SOMEONE ELSE'S WINDOWS: Subverting self-determination: A post-mortem on Ipra (Conclusion). By H. Marcos C. Mordeno

MALAYBALAY CITY (MidnaNews/13 Oct) — As pointed out in the previous parts of this series, the petition questioning the constitutionality of the Indigenous Peoples Rights Act (Republic Act 8371) was dismissed simply because it failed to obtain a majority vote by the Supreme Court, in an en banc decision handed down on December 6, 2000. But the Court did not come out with a jurisprudence that would have settled with finality the legal issues raised by the petitioners.

For the defenders of Ipra, it’s a tenuous victory in that even the separate opinions issued in favor of the Act – particularly those of Justices Puno and Kapunan — haven’t actually tried to entrench the principle of self-determination but rather offered an interpretation that strips the concept of ancestral domain of its historico-cultural, spiritual, political and practical elements. Puno’s and Kapunan’s opinions, though laced with rich narratives on the historical bases of RA 8371, have only upheld the Regalian Doctrine in relation to ownership and control of natural resources by asserting a hair-splitting definition of ancestral domains, disaggregating its interrelated elements in the process.

Both opinions interpret the Carino Doctrine and native title to mean that the indigenous peoples own the lands in their ancestral domains but not the natural resources found therein. On top of this wholesale deprivation, they are legally obliged to conserve and protect these resources. This interpretation essentially subverts the definition of ancestral domains by implying that IP ownership only applies to the land surface. What lies beneath or on this surface belongs to the State.

It would seem that the Court wanted to sustain both the Regalian Doctrine and native title by divorcing ownership of the lands from ownership of natural resources even if, upon closer look, it’s an impractical proposition. Ipra’s recognition of customary law and other rights now rings hollow, as the right that would have made such recognition real and effective – the right to control resources – has reverted to the State. The IPs are left with the shallow consolation that they have the right to claim such resources. Whether the State will approve such claim is an entirely different story.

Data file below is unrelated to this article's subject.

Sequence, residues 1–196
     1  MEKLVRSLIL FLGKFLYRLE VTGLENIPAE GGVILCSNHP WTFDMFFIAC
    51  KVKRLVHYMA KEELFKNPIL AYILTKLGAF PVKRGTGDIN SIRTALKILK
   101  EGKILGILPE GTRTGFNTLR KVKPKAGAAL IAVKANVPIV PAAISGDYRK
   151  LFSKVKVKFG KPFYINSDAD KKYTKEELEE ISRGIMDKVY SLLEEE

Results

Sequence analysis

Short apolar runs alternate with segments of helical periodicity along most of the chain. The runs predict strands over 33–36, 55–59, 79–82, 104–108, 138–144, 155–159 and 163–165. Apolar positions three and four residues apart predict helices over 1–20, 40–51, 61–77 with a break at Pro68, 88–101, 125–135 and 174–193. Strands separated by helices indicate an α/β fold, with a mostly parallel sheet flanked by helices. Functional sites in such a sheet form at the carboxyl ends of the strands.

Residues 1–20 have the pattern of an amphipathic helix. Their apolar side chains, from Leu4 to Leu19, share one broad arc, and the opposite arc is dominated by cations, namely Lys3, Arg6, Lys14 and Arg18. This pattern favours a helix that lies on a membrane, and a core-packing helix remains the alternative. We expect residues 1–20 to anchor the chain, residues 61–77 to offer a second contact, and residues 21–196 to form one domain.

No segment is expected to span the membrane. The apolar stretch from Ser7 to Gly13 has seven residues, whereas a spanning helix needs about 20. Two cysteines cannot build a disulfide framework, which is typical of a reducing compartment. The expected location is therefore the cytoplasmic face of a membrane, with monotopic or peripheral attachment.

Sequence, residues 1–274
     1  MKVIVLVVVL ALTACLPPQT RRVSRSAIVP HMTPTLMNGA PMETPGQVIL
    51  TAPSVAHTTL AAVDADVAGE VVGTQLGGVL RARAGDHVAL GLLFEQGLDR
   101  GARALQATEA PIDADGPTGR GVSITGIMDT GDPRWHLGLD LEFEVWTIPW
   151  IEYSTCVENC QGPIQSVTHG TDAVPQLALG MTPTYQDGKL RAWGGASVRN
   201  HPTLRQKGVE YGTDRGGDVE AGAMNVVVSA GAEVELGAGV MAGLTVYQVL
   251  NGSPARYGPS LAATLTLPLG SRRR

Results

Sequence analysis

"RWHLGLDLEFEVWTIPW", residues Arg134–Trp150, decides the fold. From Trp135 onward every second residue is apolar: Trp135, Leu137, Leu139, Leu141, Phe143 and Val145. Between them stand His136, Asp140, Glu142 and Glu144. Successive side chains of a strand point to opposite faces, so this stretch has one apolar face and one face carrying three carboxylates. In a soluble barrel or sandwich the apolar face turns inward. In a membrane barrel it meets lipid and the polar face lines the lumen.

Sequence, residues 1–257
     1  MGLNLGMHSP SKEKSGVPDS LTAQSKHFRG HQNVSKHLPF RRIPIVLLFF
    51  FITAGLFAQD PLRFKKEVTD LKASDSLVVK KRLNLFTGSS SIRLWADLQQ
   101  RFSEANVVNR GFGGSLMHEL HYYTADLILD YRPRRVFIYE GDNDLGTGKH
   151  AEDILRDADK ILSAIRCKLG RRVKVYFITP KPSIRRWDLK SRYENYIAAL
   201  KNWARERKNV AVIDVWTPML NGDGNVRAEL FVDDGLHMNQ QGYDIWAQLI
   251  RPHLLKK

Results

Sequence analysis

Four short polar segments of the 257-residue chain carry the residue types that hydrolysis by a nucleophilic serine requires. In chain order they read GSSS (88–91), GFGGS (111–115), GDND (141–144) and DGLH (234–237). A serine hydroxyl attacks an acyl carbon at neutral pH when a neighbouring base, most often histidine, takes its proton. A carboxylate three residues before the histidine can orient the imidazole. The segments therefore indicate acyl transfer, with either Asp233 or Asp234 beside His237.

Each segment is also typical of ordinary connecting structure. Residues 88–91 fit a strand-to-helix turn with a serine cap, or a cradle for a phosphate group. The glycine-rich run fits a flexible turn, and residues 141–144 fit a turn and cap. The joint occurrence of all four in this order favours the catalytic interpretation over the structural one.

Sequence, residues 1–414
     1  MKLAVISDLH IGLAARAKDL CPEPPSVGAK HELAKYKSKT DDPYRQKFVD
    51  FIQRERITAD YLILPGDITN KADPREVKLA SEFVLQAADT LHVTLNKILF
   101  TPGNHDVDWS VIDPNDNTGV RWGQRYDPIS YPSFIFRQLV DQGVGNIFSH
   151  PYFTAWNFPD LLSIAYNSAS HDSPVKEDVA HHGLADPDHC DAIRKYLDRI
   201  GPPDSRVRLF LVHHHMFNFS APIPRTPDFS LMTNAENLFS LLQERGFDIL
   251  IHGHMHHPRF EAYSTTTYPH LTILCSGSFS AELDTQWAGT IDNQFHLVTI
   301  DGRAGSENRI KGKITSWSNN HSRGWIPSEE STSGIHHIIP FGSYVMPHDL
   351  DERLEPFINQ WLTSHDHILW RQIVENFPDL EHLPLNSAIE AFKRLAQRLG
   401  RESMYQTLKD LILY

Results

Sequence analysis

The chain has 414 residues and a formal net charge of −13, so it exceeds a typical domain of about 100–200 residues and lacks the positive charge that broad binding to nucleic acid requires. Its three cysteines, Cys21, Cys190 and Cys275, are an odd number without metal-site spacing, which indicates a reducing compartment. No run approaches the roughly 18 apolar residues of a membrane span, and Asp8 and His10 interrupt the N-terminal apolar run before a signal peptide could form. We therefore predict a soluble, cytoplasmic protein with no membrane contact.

Moreover, the Court’s interpretation of ancestral domain – or rather, ancestral surface – doesn’t guarantee security of tenure; indigenous peoples may be driven out from those lands once minerals are discovered and the State decides to undertake exploitation of such resources on its own or through private, and in most cases, multinational corporations.

It’s clear enough that the Court dismissed the petition filed by retired Justice Isagani Cruz and lawyer Cesar Europa not primarily because it is convinced of Ipra’s constitutionality but because it believes that it poses no threat to State ownership of natural resources. The Court’s interpretation rests on the concept that IPs are just stewards of the earth and nullifies de facto the principle of self-determination as the core philosophy of Ipra.

Justice Kapunan, in the introduction to his opinion, cites the following lines from Macliing Dulag, a Kalinga leader who was killed for his opposition to the Chico River Dam project during the Marcos regime:

“You ask if we own the land. . . How can you own that which will outlive you? Only the race owns the land because only the race lives forever. To claim a piece of land is a birthright of every man. The lowly animals claim their place; how much more man? Man is born to live. Apu Kabunian, lord of us all, gave us life and placed us in the world to live human lives. And where shall we obtain life? From the land. To work (the land) is an obligation, not merely a right. In tilling the land, you possess it. And so land is a grace that must be nurtured. To enrich it and make it fructify is the eternal exhortation of Apu Kabunian to all his children. Land is sacred. Land is beloved. From its womb springs [our Kalinga] life.”

How can life possibly spring if one’s right to land is restricted to an arbitrary surface?

(MindaViews is the opinion section of MindaNews. H. Marcos C. Mordeno can be reached at hmcmordeno@gmail.com)